Metro

Senate president to stay away from sports betting legislation because of family conflict

State Senate President Karen Spilka’s son works for Boston-based DraftKings, which is carefully watching what shape expanded gaming could take.
Lane Turner/Globe Staff/File 2018
State Senate President Karen Spilka’s son works for Boston-based DraftKings, which is carefully watching what shape expanded gaming could take.

Sports betting is no longer banned in the United States, and legislation will undoubtedly follow this session on Beacon Hill, where interested companies like DraftKings are carefully watching what shape expanded gaming could take.

Count Karen E. Spilka, the Senate’s new president, among those being careful, too. The Ashland Democrat will not participate in any legislation specifically related to DraftKings, should any emerge, an aide said, after Spilka disclosed to state ethics regulators that her son works at the Boston-based fantasy sports company. Jacob Loitherstein is a “workplace experience” manager for DraftKings, Spilka said.

Spilka also intends to assign all work related to sports betting or gambling to a committee chair, likely whomever she appoints in the coming weeks to oversee Economic Development and Emerging Technologies.

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DraftKings has made no secret of its interest in sports wagering. The day the US Supreme Court overturned a federal ban, the company said it wanted to start offering sports wagers. Weeks later, it announced it had reached an agreement with a New Jersey casino to host sports betting offerings.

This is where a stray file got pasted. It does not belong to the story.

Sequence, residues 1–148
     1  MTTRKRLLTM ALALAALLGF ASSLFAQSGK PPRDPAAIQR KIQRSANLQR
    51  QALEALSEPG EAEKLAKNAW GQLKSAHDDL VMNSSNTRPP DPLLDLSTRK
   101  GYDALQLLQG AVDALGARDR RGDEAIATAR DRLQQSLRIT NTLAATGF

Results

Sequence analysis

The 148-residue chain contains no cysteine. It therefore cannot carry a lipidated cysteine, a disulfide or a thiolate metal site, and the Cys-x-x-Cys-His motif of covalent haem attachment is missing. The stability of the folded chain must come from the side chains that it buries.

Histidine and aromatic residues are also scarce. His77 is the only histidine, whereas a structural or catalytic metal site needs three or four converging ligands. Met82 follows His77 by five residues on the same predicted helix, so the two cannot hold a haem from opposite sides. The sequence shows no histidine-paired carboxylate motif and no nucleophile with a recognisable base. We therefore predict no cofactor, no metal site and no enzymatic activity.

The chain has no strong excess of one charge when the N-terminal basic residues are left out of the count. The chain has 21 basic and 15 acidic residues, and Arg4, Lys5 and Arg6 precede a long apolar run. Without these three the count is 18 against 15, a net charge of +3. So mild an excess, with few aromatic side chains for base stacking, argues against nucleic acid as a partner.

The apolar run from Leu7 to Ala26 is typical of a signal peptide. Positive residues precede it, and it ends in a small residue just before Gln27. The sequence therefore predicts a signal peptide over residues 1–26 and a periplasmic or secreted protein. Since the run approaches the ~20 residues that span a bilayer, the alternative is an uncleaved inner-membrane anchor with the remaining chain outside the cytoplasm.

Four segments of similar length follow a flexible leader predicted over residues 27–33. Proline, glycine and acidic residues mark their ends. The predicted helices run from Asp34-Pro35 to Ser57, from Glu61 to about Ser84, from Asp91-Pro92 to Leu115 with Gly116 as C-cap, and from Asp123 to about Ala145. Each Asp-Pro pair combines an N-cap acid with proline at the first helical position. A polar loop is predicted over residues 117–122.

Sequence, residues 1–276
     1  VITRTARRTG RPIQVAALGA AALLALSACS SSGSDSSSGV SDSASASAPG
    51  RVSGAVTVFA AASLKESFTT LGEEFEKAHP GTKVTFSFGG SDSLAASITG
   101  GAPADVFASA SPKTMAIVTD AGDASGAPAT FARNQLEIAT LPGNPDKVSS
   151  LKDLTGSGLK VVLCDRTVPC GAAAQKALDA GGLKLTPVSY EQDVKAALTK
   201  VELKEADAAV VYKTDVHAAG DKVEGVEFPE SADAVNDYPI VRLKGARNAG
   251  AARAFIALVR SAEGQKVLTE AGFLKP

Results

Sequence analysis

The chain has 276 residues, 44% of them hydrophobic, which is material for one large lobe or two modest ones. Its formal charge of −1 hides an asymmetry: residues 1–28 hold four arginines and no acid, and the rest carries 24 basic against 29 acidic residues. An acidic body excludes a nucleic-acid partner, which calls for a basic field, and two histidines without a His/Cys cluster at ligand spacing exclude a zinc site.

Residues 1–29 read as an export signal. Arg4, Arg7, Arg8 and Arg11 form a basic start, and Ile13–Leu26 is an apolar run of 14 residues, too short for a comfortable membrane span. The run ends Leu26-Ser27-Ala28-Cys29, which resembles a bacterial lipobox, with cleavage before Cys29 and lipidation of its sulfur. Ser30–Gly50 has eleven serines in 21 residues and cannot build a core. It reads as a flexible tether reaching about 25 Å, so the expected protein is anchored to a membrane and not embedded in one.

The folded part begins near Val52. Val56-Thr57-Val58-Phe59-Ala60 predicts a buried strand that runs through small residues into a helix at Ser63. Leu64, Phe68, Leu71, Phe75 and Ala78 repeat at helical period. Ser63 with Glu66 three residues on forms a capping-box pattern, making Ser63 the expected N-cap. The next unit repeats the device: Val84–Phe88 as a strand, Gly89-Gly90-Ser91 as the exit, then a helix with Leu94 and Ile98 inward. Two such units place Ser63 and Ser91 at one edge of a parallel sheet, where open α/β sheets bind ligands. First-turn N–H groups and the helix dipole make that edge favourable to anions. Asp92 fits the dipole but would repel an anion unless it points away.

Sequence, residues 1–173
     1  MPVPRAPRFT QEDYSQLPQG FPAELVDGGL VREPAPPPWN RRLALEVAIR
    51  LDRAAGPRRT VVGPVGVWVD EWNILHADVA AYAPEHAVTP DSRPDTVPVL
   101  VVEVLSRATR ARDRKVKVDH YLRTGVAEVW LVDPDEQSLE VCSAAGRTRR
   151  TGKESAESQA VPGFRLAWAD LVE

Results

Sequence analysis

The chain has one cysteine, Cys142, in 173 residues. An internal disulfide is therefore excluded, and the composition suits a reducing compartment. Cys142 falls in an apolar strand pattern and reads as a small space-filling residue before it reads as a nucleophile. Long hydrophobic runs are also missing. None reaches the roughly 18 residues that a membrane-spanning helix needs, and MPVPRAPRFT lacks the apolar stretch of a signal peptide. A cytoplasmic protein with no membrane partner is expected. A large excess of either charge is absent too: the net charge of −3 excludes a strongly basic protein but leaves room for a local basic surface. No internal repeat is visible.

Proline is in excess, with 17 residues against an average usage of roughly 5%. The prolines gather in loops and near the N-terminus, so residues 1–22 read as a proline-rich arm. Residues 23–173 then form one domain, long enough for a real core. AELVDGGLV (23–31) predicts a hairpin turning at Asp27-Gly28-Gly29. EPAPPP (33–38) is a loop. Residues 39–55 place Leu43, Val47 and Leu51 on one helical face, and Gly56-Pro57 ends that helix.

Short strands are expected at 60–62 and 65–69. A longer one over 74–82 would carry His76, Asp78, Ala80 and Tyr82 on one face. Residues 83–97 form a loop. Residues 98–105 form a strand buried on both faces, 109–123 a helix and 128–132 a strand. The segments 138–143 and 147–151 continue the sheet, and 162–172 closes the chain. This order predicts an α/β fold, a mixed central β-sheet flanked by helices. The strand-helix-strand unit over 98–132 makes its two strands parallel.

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State records also indicate it intends to keep an active presence at the State House. The company has retained four firms to help it lobby on Beacon Hill in 2019, including Orrick, Herrington & Sutcliffe, a firm that has already lobbied for DraftKings elsewhere and counts Major League Baseball, the NBA, and PGA Tour as clients in Massachusetts, too.

Lawmakers have already said they expect sports betting to emerge. Representative Joseph Wagner, who has chaired the House committee on economic development, told a local TV station last year that his hope was to be “ready to go” on the issue to start this two-year legislative session.

That, Spilka’s aides say, is why she sought to dispel “any appearance of conflict” given her son’s position. She is still allowed to participate in matters of general legislation related to sports betting, according to her office.

“In this case, President Spilka believes that since we expect legislation to be filed this coming session on sports gambling, it was important to file this disclosure last year in advance of the coming session,” said her spokeswoman, Sarah Blodgett, of the ethics filing submitted Dec. 21.

Reach Matt Stout at matt.stout@globe.com. Follow him on Twitter @mattpstout.